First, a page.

Apple forces suppliers to cut cost. AHHHAHAHAHHHAH

The Wally World of cell phone makers.

Infield_Fly's picture
Infield_Fly (not verified) Sep 1, 2016 9:44 AM

Apple's stock is going to be just fine.

 

CBs will just buy up 100% of the shares - see??  All good.  Everything is fixed.

Antifaschistische's picture

LOL, yes, and they will trade 1 share amongst themselves on a daily basis for $1000 per/share to keep the market price where they need it to be.

Hal n back's picture

LOL--I can just see the SNB as majority shareholder

withglee's picture

the tech giant is forcing its suppliers to accept both price cuts and volume reductions in order to preserve profit margins: "as Apple Inc. grapples with falling iPhone sales this year, it is pushing to cut better deals for parts with its suppliers,

The parent eats its children. The parasite eats its host. How they doing on the "demand" on government to forget its tax claim. This is just big fish eating successively smaller fish.

Consuelo's picture

 

 

If you have been around Silly-Con Valley since the 80's, you know when you fuck with suppliers like this for any length of time, where it eventually leads...

 

Finish that Panopticon Tim - FEMA and the DHS are gonna need it pretty soon...

buzzsaw99's picture

i'm sure the parts quality won't suffer. lulz

Spungo's picture

I was just about to say that. Remember when people were complaining about the iphone bending? Also remember the thing about losing signal if two sides were touched at once?

Apple cannot afford to fuck around on quality. That's literally the only reason to buy an iphone. They cost 3x as much as an equivalent Android, so quality is expected.

Disc Jockey's picture

Walking into the grocery store the other day it really hit hit me: Other than the cell phone "revolution" what major advancements have we seen in the last 30 years?

Granted tech has gotten faster, cooler, and smarter but really what other life changing inventions have been made?

This really depresses me when during the 20th centutry we essentially went from horse and buggies to beyond earth orbit space travel. Granted, the Internet has also been a huge communication boon, but what has all this brought us? No wonder the economy sucks.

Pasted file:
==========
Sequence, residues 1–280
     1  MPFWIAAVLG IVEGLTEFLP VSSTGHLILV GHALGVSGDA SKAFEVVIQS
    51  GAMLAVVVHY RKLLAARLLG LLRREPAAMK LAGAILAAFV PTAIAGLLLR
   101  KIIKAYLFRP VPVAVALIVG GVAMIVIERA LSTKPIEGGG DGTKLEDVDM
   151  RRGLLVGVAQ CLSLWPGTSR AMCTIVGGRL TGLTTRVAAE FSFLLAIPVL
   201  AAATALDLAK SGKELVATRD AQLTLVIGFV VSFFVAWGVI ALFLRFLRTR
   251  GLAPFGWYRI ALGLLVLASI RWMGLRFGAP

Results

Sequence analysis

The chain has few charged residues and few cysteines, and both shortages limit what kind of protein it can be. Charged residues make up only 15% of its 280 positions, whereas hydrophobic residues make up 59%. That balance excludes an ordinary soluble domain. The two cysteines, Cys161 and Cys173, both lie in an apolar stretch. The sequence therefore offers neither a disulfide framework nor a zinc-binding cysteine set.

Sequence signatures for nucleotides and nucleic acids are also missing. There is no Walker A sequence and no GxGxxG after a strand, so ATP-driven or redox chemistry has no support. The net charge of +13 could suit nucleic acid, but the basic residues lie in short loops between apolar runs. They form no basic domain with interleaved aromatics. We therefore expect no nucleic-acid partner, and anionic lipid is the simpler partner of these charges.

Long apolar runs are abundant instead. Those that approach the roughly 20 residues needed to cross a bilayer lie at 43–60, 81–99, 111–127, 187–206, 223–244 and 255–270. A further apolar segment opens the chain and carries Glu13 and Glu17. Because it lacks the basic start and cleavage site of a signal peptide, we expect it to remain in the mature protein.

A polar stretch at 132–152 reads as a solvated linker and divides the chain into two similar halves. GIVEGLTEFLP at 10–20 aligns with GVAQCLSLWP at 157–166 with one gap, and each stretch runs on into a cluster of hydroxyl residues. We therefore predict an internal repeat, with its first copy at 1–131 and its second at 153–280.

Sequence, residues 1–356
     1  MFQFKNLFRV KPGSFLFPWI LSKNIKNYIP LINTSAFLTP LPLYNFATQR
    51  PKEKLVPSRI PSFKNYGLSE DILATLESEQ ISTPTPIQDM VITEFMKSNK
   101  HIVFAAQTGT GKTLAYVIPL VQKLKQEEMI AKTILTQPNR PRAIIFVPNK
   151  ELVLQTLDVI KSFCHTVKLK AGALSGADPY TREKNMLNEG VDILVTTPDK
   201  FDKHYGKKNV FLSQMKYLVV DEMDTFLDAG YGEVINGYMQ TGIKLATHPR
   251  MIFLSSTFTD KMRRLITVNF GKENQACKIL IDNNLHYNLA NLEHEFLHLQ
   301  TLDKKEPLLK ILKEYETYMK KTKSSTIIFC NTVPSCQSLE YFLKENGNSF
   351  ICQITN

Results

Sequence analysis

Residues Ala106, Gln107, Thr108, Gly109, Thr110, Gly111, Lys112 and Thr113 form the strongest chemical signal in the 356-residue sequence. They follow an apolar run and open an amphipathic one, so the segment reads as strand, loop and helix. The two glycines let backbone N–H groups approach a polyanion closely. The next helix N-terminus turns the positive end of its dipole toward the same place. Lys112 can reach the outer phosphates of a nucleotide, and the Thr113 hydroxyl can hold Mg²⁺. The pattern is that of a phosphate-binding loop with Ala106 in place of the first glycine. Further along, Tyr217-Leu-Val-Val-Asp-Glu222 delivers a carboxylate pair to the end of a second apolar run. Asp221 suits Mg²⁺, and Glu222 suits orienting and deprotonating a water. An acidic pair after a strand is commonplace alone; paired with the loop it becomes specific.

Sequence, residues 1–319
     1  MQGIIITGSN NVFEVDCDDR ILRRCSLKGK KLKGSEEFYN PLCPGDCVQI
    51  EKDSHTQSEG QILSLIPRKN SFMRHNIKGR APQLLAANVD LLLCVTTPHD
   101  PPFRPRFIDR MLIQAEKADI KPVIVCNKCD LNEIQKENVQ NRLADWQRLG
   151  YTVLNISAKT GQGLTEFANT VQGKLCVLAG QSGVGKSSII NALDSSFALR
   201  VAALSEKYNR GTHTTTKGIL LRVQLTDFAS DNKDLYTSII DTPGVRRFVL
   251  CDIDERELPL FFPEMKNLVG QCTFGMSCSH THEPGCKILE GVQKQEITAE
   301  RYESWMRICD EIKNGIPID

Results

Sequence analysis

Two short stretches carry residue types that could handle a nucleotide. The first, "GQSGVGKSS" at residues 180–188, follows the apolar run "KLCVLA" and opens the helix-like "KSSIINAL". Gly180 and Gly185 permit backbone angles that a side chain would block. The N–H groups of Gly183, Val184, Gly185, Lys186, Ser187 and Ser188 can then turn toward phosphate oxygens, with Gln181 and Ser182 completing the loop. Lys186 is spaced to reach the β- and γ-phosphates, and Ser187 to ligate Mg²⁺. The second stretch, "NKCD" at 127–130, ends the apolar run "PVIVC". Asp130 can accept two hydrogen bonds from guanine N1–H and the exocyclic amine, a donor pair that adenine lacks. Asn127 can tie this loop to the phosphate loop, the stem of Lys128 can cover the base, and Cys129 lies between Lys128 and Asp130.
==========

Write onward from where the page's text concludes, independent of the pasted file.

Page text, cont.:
Consuelo's picture

 

 

No advancements...?

 

Showing your friends what you ate for dinner, and the finished product sitting in the toilet bowl, and you say 'no major advancements'...?

Proaurum's picture

I too have thought about this. The 19th and 20th centuries brought huge scientific,  technical and engineering revolutions. The steam engine,  internal combustion engine, electricity, nuclear power.....

What we've seen the past couple of decades has been pathetic in comparison. The internet makes work easier, but it's mostly for entertainment, as as all the new gadgets we see. Fundamentally, a mobile phone is just an extension of what Alexander Graham Bell invented. Yes, you can do more with it but it's basically a device to communicate with others. It doesn't greatly increase productivity but is does allow for more avenues for entertainment

Could we live without mobile phones? Yes. Facebook? Yes. Online shopping? Yes. Netflix? Yes. Electricity? No. The IC engine? No.

pherron2's picture

3d printers are pretty awesome. They've already spurred a lot of innovation, and have potential for much more as they spread out to more inventive people. I'm sure there's a lot more that we are missing here. I don't follow much scientific news, but things like nano tech, quantum computing, etc can only bring exponetial growth in futher innovations.

 

Doom Porn Star's picture

"Other than the cell phone "revolution" what major advancements have we seen in the last 30 years? "

 

IMHO, the mass production of cheap, stable and reliable LED lighting may be the great accomplishmnet of the last 30 years.

Changed over my home from incandescent to LED and my electrical useage dropped by almost 28% instantly.   Same lumens output for roughly 16% to 18% of the electrical input; -and output increasing with technological process and materials innovations.

IF broad implementation of LED lighting was made a national priority of the US it would eliminate the need from hundreds of power plants and reduce emissions by amounts rivalling if not exceeding those of automobile emmissions targeted by CAFE standards.